Buy and download up to 300 infographics!Buy infographics
Sign up as a rookie member to receive free guides, kitbags and news from The Performance Room
About Jack Marlow
Sport Psychologist in training working in a range of sports including county cricket, AASE rugby, athletics, golf and shooting. Keen rugby player and golf enthusiast.
For those who don’t know, I’m a trainee sport psychologist based in South East England. I’ve been on the British Psychological Society’s (BPS) Qualification in Sport and Exercise Psychology (QSEP) since December 2013 and this is the story of my journey to becoming a sport psychologist. This article is aimed at individuals looking to become a sport psychologist and what they can expect on their journey to becoming one.
The story starts in my last year in sixth form looking for potential careers and the university courses that will allow me to pursue those possible careers. After looking at careers in sport, I was set on pursuing my goal of becoming a Chartered Sport and Exercise Psychologist. As the title of psychologist is protected by the Health Care Protection Council (HCPC), chartership would be needed through the BPS. This is not the case for the British Association of Sport and Exercise Sciences (BASES) as their accreditation route will allow you to use the title of Sport Scientist. This route would require a psychology conversion course to allow accreditation.
I therefore decided to pursue this career through the BPS. I followed the accreditation route of:
- Undergraduate psychology degree (GBC accredited)
- Postgraduate sport and psychology degree (BPS accredited)
- Two years supervised practice (QSEP)
Although I viewed my undergraduate degree as a means to an end to get onto a masters, I was a disappointed by the lack of sport psychology covered on the course. However, having a broad understanding on the underpinning of psychology facilitated my studies at postgraduate level greatly. During my time learning sport psychology in depth on my postgraduate degree, I searched for possible QSEP supervisors and was lucky to be given the chance to join a new supervision group. I believe it’s important to find a supervisor that will suit your needs. Someone who is relatively close distance wise, shares the same philosophy and can provide a strong support network. I would strongly recommend making a checklist of what is important to you and make sure your potential supervisors can provide this.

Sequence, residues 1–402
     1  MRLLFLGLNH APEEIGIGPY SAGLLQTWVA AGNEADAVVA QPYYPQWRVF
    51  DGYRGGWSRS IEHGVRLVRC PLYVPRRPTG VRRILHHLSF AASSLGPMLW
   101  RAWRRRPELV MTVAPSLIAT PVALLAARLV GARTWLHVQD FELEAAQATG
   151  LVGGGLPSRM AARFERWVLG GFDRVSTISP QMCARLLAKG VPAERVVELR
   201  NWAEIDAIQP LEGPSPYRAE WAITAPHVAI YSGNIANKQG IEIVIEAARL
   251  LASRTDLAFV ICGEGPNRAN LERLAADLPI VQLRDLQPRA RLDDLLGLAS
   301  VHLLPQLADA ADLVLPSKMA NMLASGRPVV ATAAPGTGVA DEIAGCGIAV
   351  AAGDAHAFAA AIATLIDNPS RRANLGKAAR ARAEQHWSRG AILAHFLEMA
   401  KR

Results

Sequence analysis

Following the completion of my masters, I started to get my head around the paperwork to enrol onto the QSEP. It’s a bit of a mine field, but it was made a lot easier with previous examples being provided by my supervisor and other trainee sport psychologist in my supervision group. A big plus is that paperwork can be back dated so there is no rush to complete it straight away.
Now getting onto the applied side of becoming a trainee sport psychologist… Two word comes to mind: Resilience and commitment. You’re not going to walk into a sport psychologist role at a Premier league team, fact. Not everyone is going to agree with the idea of sport psychology. You will get rejection letters. I spent the first two months attending the Division of Sport and Exercise Psychology (DSEP) conference, making advertisement (i.e. Flyers, business cards, networking) and sending out many emails to various people asking if they looking for sport psychology provision. My advise is to contact sports development officers first and ask them to meet with you. Their job is to bring people together. They will provide you with contacts who might be interested. Out of around 50 emails I received very few replies, some interest and only one that wanted my services as a trainee sport psychologist.
It can sometimes feel that you’re not getting anywhere. Sometimes it is a waiting game, but that doesn’t mean you can’t be proactive in your spare time. For example, I built a website for my private practice, given out countless business cards and flyers to clubs and sport centres. At the time of writing this (May 2014), I am currently working with one individual client, county cricket age group squads, rugby coaches and awaiting confirmation on possibly working with football and rugby teams. Although being a trainee sport psychologist is satisfying and worthwhile, it is not a glamourous job. There’s quite a bit of observing, watching, fetching, preparing, discussing and meetings which mostly takes place behind the scenes. But, seeing your work in action and seeing individuals and team develop brings a huge amount of satisfaction which I wouldn’t trade for anything.
I hope this article has informed potential future trainees, athletes and coaches on the processes and routes to becoming a sport psychologist.